For example, for some games the wrong setting will make the gear shifters unusable, and so it’s just a case of switching it back, waiting for the PlayStation to recognize it again, and going once more. This lack of obvious consistency isn’t great, but you get used to it with such a cheap wheel.
While this isn’t really useful for sim racing, it can make navigating menus a little easier as you can switch between using it as a wheel and as a controller with just a quick switch. But it also allows you to use the wheel as a controller in other games, such as GTA V or Watch Dogs 2, which traditionally don’t support racing wheels. I personally had a lot of fun messing around with this.
There are also a few buttons labelled DP, LS and RS (see picture above), which change the d-pad to work as either the d-pad, the left stick or the right stick. I kept mine set to DP, as I don’t think the other two are much use for sim racing.
While you might find the array of buttons to be impressive at a glance, as is common with controller-based sim racing wheels, some of the buttons are duplicates. For example, the L1 and R1 buttons on the 10 and 2 positions of the wheel correspond to the same functions as the pedals. So, you can accelerate with the gas pedal or the button on the wheel.
Range Of Rotation
The short 270degrees of rotation takes a lot of getting used to if you’ve ever used a 900-degree wheel for example. While it’s fine for arcade racers, racing sims can be a bit twitchy and there can be big noticeable feedback gaps that take a lot of fine tuning and messing around with the settings to fix.
You can change to just 180o if you want, but I don’t think this would be very usable beyond the most arcade-like racing games. Still, it’s worth knowing about as everyone has a different driving style and different preferences.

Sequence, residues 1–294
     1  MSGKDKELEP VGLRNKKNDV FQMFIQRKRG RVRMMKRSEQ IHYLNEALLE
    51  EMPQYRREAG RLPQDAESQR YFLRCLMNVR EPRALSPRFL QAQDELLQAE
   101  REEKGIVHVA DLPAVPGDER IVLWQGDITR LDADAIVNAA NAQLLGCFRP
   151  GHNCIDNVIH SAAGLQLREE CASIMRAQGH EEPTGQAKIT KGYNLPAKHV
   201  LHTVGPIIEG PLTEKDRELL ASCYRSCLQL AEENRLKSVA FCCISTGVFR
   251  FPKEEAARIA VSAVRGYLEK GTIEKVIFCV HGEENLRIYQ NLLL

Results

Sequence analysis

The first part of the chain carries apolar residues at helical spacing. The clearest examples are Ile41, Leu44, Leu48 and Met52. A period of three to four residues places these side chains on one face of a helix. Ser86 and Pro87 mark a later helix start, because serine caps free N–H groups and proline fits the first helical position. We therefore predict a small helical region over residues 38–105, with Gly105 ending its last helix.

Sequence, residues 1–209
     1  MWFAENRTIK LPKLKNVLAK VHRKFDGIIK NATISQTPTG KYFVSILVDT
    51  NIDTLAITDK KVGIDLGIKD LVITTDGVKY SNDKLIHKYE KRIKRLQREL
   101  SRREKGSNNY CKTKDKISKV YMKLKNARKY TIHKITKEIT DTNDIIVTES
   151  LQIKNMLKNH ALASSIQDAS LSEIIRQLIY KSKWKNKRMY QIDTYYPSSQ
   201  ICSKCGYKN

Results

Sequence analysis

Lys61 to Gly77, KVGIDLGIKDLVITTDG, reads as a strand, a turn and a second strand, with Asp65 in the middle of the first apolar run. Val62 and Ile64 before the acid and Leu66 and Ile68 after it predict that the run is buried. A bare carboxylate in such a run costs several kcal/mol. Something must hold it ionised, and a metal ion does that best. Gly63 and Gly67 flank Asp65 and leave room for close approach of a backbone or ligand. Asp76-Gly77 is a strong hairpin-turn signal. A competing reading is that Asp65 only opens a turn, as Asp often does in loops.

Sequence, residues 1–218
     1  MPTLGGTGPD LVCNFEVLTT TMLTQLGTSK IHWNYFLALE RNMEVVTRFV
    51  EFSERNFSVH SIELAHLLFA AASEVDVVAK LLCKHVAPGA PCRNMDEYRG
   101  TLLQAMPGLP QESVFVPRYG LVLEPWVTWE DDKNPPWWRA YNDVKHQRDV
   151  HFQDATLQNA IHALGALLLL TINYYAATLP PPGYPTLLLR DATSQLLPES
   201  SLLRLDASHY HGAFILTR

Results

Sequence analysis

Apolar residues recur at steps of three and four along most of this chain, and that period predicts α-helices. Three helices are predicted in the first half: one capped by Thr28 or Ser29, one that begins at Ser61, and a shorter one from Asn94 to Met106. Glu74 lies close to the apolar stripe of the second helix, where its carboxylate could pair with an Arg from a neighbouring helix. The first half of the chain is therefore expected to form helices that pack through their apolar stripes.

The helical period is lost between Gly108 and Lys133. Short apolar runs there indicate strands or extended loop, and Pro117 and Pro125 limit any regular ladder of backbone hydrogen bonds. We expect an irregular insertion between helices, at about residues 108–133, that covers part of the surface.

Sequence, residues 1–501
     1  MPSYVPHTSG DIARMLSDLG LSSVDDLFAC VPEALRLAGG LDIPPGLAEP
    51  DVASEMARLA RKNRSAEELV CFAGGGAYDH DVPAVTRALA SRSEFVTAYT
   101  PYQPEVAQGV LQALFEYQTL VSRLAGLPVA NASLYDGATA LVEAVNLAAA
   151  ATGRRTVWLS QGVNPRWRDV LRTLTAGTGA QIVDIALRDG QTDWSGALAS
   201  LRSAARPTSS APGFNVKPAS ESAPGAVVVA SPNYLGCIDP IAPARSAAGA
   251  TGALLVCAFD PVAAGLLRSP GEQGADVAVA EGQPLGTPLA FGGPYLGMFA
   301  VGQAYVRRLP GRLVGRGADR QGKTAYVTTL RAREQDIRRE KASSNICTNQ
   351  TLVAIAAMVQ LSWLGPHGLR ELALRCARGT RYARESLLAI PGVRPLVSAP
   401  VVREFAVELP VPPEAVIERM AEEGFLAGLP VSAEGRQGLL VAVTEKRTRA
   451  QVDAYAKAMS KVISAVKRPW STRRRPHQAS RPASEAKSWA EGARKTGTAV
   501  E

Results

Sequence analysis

The pedals are the next real limiting factor. They are potentiometer pedals, like you might find on something like the Logitech G29, but there are no rubber stoppers or springs behind the brake pedal to add resistance, so it’s really more like a switch at times.
It takes a lot of practice to work out the right pressure to apply, and even after messing around with the settings for a while I found it was hard to get much in the way of feel. However, after a decent amount of use, you will get used to this wheel and the pedals.
It Takes Some Getting Used To
I managed to get my lap times on GT Sport to within a second of what I normally manage with the Thrustmaster T300RS, but it was definitely harder to do well! So, that brings me to my final point, regarding who should buy the Hori Apex sim racing wheel.
Who Should Buy The Hori Apex Racing Wheel?
Overall, I think the Hori Apex wheel is a fun one to use if you’ve never tried sim racing before. If you want to just get a feel for what sim racing is and aren’t too serious about it, I think this is a good shout. It’s also a good buy for those looking for a present to buy for a kid that loves racing and playing video games.
However, if you are at all serious about getting into sim racing, or if you’re used to using higher end equipment, I would recommend you spend the extra money on a force feedback wheel and some decent pedals. Not only will you benefit from better feel and more potential, you’ll also just find the higher quality wheels to offer a more enjoyable sim racing experience.
The Hori Apex sim racing wheel is a good choice for anyone that’s curious about what sim racing has to offer. While the lack of force feedback and load cell pedals will be tough to get used to for more experienced racers, it’s an ideal way to get into the world of sim racing on a budget.